Thursday, December 23, 2010

Twig: a blog

This just came across my desk - a blog about the Dictionary of Newfoundland English and, well, words!

The entries are topical and timely - look now and you'll see one about Mummering and another on words that make you bivver, like creak-cold and airsome!

An interesting look behind-the-scenes at the DNE.

Thursday, November 11, 2010

Upcoming Career Information Sessions

"Audiology as a Career"
Dr. Erin Squarey
Parrott's Hearing Clinic

Wed. nov 24, 2010,
SN 4083


"Speech Language Pathology as a Career"
Dr. Jill Perry and Dr. Christa Dawson
Eastern Health

Thurs. nov 25, 2010,
SN 2036

Monday, October 18, 2010

John Esling's Talk and Workshop

Title: Laryngeal Phonetic Quality and the First Sounds of Speech
Date: October 29
Time: 4-5pm
Room: SN3042

Dr. Esling will also host a workshop for graduate students in Linguistics on the topic of submitting papers for publication. Time: 1pm. Room: SN 3036.

He's some more info about the topic of his talk:
Many languages have sounds that have been challenging to describe phonetically. Since 1993, we have built a team and a speech research centre at the University of Victoria for laryngoscopic phonetic experimentation that has attracted international attention as a site for articulatory phonetic research. Typically, a research opportunity arises in a language of pharyngeal/laryngeal interest, and researchers request to visit our facility to carry out the experimental component of their phonetic study. Colleagues and students at the University of Victoria have also initiated many studies of their own. We have analyzed glottals, glottalized consonants, pharyngeals, and laryngeals laryngoscopically in Nuuchahnulth (Wakashan), Nlaka’pamuxcín (Salish), Palestinian and Iraqi Arabic and Tigrinya (Semitic), Yi, Bai and Tibetan (Tibeto-Burman), Pame (Otomanguean), Sui (Kam-Daic), Cantonese (Sino-Tibetan), Thai (Daic), Korean (Altaic), English and Danish (Germanic), Akan (Niger-Congo, Kwa), Kabiye (Niger-Congo, Gur), Somali (Cushitic), and Bor Dinka (Nilotic). In addition to providing answers to a number of language-specific articulatory phonetic research questions, this quantity of data has allowed us to formulate innovative models of pharyngeal/ laryngeal (P/L) phonetic production and a revision of the theory of cardinal states of the glottis (SOG).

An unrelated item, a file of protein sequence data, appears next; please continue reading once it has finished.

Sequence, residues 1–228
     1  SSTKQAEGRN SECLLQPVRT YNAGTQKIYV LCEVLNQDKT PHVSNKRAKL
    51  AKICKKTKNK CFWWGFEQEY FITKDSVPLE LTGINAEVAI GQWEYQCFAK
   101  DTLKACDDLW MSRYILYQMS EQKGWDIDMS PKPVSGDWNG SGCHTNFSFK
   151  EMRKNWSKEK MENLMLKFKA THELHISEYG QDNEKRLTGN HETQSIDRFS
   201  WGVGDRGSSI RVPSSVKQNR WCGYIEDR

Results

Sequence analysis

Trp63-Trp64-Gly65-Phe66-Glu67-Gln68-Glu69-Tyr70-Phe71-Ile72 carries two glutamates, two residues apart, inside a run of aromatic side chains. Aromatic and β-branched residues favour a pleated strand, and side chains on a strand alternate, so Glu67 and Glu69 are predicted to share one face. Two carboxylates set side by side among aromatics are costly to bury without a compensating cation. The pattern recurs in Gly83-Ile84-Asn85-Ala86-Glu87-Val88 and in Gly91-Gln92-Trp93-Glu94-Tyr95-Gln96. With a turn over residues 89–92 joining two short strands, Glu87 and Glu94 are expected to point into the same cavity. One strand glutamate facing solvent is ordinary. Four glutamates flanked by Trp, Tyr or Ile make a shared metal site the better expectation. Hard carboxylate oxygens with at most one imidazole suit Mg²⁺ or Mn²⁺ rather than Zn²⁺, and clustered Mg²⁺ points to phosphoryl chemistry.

We have also begun to develop 3D models of P/L vocal tract function, incorporating data from new experimental formats including high-speed video (Paris/HEGP), EGG, laryngeal ultrasound, and videofluoroscopy (UF Rio de Janeiro). Models incorporate biomechanical simulation in real-time of the oscillating structures of the larynx, including the vocal folds, ventricular folds, and aryepiglottic folds.

Using our phonetic paradigm, we are also able to provide a fuller account of the acquisition of the ability to produce speech sounds. In our study of phonetic development in the first year of life, we have found that very young infants produce all places and manners of laryngeal sounds, and these previously ignored sounds play a vital role in priming the emergence of oral sounds, which predominate by month 12. We have found that infants first develop phonetic control through the exploration and mastery of P/L sounds, whether or not these sounds form part of their ambient language: All infants initiate articulatory control for speech production in the pharynx.

Friday, September 10, 2010

Student Linguists At MUN

So, you're sitting in
class this past week
and you finally
decided that you are
OK with Grimm's Law,
Chomskyan syntax
and Autosegmental

You're not alone! Get connected. Socialize. Join SLAM
(Student Linguists At MUN).
All undergraduate majors, minors & curious students are welcome.

Follow us on Facebook or contact : lingslam AT yahoo DOT ca

Wednesday, September 8, 2010

Visit and Talk: Dr. John Charles Smith

Professor John Charles Smith (U of Oxford) will visit our department on Monday, September 20, 2010.

He will talk from 1 - 2 P.M (location TBA) on:
'What counts as variation ? A study of the French ending -ont'
All are welcome to attend.

He is also interested in meeting with students and faculty. Please contact Dr. Bubenik if you would like to schedule a time slot.

Thursday, August 19, 2010

Dr. John Esling (UVic) to visit Linguistics Department